"Today you are not free to offer your services as a lawyer, a physician, a dentist, a plumber, a barber, a mortician or engage in a host of other occupations, without first getting a permit or license from a government official."[6]

Many laws were supported by existing professionals and their organizations in an effort to ensure a level of competence. Other observers believe their efforts were directed at simply restraining competition to increase prices for fees. In response, entrepreneurs and activists have won numerous court cases securing constitutional protection for the right to earn a living.[7] Such cases have won the right to work for Louisiana monks who sell caskets, Philadelphia independent tour guides, Colorado taxi drivers, and Connecticut interior designers.[8]


Paul Lafargue, in The Right to be Lazy (1883), wrote: "And to think that the sons of the heroes of the Terror have allowed themselves to be degraded by the religion of work, to the point of accepting, since 1848, as a revolutionary conquest, the law limiting factory labor to twelve hours. They proclaim as a revolutionary principle the Right to Work. Shame to the French proletariat! Only slaves would have been capable of such baseness."[9]

In the 1980 book Free to Choose, economists Milton and Rose Friedman said, "[An] essential part of economic freedom is freedom to use the resources we possess in accordance with our own values – freedom to enter any occupation, engage in any business enterprise, buy from and sell to anyone else, so long as we do so on a strictly voluntary basis and do not resort to force in order to coerce others."[6]

On the other side, "the idea that the recognition of a right to work or to the house ... means to everyone the possibility to bring a court action ... to get them, responds to a bias obviously due to an ideological defense of the right of property".[10]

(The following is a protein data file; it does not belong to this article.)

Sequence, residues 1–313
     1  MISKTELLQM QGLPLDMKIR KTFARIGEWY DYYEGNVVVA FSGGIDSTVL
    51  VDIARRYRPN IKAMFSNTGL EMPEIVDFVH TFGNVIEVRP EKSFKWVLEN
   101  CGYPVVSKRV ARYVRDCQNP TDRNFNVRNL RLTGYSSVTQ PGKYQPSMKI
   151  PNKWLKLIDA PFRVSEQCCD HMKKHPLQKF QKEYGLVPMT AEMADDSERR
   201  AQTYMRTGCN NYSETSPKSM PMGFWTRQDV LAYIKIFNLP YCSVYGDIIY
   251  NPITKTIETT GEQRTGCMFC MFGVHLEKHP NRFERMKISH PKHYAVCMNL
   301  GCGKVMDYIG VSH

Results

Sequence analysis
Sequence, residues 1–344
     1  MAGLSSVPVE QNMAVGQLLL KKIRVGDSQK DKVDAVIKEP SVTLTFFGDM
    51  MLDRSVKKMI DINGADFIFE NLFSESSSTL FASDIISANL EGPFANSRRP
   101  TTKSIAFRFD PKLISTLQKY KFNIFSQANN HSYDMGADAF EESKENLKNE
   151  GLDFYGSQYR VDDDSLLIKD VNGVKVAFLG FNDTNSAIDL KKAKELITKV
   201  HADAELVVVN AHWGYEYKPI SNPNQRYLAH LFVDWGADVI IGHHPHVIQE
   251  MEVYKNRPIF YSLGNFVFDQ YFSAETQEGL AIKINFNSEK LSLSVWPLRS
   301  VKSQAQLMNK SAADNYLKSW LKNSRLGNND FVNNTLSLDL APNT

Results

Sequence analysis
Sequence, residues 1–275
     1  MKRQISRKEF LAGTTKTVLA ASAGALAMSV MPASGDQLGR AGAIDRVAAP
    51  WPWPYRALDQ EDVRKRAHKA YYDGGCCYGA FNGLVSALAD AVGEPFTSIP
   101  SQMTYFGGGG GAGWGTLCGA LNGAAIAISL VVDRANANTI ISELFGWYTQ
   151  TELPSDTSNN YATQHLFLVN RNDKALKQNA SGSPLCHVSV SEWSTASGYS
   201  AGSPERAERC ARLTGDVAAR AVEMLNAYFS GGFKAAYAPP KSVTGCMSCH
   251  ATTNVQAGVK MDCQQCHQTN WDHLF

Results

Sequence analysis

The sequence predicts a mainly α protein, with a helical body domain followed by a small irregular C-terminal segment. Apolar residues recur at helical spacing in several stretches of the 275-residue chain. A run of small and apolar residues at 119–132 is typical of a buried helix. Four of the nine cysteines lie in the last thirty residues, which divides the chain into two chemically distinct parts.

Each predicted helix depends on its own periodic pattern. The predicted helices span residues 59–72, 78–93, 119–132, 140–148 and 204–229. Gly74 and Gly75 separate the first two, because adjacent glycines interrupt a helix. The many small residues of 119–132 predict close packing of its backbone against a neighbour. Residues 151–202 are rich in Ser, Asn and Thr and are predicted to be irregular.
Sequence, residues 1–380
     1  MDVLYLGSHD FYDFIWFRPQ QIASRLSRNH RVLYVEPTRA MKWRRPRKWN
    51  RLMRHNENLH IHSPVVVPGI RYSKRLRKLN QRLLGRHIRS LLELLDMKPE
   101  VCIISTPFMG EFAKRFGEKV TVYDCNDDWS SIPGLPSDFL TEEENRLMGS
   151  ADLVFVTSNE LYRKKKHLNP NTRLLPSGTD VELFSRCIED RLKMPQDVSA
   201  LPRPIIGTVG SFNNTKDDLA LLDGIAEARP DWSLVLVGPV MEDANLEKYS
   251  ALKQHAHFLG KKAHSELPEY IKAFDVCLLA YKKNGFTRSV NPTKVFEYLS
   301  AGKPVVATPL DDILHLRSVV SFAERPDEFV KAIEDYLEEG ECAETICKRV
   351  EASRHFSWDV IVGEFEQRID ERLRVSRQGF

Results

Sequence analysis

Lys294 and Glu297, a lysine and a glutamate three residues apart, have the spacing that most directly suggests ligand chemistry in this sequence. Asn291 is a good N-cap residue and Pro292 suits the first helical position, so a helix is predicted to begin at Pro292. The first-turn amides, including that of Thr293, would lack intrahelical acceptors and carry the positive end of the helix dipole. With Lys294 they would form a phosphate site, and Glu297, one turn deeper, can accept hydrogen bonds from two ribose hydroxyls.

See also


  1. "Universal Declaration of Human Rights : English". Ohchr.org. Retrieved 2016-02-03.
  2. "International Covenant on Economic, Social and Cultural Rights". Office of the United Nations High Commissioner for Human Rights. 1966.
  3. Revolutions of 1848: A Social History by Priscilla Robertson, 1952, Princeton University Press
  4. Alfredsson, Gudmundur; Eide, Asbjorn (1999). The Universal Declaration of Human Rights: a common standard of achievement. Martinus Nijhoff Publishers. p. 533. ISBN 978-90-411-1168-5.
  5. Alfredsson, Gudmundur; Eide, Asbjorn (1999). The Universal Declaration of Human Rights: a common standard of achievement. Martinus Nijhoff Publishers. p. 372. ISBN 978-90-411-1168-5.
  6. 1 2 Milton Friedman and Rose Friedman (1980). Free to Choose. ISBN 978-0-15-633460-0.
  7. The Institute for Justice. "Economic Liberty". Retrieved May 1, 2013.
  8. Laurel Petriello (2009-07-06). "Judge Rules Interior Design Title Act Unconstitutional in Connecticut". Interior Design magazine.
  9. Paul Lafargue The Right To Be Lazy, Chapter II, 2nd paragraph
  10. Buonomo, Giampiero (2000). "La formulazione dei diritti civili e della libertà di religione "scalda" i lavori della Convenzione". Diritto&Giustizia edizione online.   via Questia (subscription required)

External links